Chocolate Storage Guidelines

Appears in

Chocolates and Confections

By Peter Greweling

Published 2007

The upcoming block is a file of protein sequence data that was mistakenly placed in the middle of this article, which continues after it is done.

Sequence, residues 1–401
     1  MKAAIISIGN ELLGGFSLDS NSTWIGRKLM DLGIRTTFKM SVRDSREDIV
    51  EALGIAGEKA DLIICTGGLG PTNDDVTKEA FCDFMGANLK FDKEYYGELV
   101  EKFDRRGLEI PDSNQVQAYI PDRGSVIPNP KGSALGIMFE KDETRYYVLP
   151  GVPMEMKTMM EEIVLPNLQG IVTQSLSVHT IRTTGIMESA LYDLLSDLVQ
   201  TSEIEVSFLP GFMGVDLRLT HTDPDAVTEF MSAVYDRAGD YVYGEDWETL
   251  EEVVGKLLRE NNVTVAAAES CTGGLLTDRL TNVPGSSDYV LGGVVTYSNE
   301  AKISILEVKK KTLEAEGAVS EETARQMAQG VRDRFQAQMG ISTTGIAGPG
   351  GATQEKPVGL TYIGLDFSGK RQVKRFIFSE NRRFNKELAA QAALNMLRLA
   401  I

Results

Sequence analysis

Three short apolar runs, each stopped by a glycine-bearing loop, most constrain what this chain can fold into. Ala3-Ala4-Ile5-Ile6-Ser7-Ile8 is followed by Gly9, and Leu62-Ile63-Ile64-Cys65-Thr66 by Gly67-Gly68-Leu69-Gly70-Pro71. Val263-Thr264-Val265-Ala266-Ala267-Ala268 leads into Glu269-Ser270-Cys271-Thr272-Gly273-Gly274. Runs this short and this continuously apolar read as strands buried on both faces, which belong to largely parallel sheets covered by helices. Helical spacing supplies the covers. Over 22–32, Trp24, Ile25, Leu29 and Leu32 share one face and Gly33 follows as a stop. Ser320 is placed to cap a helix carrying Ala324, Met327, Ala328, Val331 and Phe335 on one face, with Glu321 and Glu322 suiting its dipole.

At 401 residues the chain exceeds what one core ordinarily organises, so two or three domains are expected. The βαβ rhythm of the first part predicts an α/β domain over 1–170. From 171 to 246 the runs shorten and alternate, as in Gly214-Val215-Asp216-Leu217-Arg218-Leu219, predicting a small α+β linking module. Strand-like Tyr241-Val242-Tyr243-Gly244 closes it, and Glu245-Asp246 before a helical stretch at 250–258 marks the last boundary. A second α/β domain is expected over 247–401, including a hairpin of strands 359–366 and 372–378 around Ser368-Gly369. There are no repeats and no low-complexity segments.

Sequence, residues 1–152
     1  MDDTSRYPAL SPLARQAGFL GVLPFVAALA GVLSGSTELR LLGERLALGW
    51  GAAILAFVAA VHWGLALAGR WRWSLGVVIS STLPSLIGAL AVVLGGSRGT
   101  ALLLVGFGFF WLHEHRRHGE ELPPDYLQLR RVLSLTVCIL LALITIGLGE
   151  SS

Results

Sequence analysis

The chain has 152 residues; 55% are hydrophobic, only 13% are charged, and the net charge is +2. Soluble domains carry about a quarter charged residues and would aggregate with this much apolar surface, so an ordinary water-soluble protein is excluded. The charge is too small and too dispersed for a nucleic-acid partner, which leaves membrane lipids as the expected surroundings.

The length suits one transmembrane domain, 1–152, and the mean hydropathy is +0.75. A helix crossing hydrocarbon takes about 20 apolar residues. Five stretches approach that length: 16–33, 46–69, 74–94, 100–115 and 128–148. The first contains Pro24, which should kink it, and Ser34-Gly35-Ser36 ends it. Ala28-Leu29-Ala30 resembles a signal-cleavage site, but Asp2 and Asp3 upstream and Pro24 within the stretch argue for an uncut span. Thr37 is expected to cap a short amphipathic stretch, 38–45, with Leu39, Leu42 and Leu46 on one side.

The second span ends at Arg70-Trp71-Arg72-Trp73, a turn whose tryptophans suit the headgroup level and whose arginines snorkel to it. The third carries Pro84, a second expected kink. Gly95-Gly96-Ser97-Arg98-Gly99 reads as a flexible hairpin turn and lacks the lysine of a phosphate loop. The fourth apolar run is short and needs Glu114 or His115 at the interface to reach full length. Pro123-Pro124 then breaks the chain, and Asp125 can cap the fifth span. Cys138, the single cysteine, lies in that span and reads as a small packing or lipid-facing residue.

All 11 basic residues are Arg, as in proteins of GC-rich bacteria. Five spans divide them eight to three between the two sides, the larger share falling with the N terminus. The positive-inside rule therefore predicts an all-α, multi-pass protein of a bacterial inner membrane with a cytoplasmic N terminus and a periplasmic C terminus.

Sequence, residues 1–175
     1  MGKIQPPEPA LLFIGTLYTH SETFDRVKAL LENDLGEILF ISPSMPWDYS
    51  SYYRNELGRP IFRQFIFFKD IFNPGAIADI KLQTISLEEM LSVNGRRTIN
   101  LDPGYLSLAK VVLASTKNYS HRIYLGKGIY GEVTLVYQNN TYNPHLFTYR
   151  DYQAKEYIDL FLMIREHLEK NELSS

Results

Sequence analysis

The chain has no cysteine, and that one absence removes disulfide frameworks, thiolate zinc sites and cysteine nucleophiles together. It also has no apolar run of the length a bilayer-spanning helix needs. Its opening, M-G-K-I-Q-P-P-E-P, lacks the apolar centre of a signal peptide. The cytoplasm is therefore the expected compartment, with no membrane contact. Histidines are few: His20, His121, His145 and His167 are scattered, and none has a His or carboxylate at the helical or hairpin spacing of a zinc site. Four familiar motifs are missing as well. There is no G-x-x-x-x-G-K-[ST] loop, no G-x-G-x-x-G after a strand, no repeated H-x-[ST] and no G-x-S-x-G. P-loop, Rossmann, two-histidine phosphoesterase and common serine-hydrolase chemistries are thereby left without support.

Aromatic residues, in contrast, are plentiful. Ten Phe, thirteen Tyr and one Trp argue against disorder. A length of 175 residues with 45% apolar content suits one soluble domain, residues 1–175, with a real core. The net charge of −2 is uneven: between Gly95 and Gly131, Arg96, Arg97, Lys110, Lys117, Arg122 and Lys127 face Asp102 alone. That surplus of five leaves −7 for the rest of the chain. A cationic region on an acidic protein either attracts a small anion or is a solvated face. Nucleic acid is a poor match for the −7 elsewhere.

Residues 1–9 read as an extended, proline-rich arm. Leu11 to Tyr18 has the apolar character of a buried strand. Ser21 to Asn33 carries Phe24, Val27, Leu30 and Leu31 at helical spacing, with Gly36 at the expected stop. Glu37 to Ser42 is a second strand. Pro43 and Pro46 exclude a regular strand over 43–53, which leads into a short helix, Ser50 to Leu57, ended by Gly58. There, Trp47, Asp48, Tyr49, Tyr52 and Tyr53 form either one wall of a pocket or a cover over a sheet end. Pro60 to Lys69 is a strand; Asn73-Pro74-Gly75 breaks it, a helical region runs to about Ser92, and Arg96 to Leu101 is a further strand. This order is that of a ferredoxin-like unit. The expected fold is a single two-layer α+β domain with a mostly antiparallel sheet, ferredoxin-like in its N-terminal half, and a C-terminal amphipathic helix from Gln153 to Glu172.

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Because chocolate contains virtually no moisture, it has a very low water-activity level and is not prone to bacterial spoilage during storage, resulting in a long shelf life. (See Water Activity.) The factor limiting shelf life for chocolate is rancidity, the breakdown of fats that can create off flavors. Although cocoa butter is relatively resistant to rancidity, chocolate should be stored protected from exposure to oxygen, light, heat, and moisture. In addition, when working with chocolate, do not expose it to reactive metals such as copper and iron. All of these factors shorten the potential shelf life of chocolate products by increasing the likelihood that rancidity will develop. When stored under ideal conditions, dark chocolates have a shelf life of approximately twelve months, while milk and white chocolate have a shelf life of approximately six months. These are the maximum times suggested for storing chocolate. The artisan confectioner is well advised to turn over his chocolate inventory much more rapidly to ensure the highest-quality products with the freshest flavor.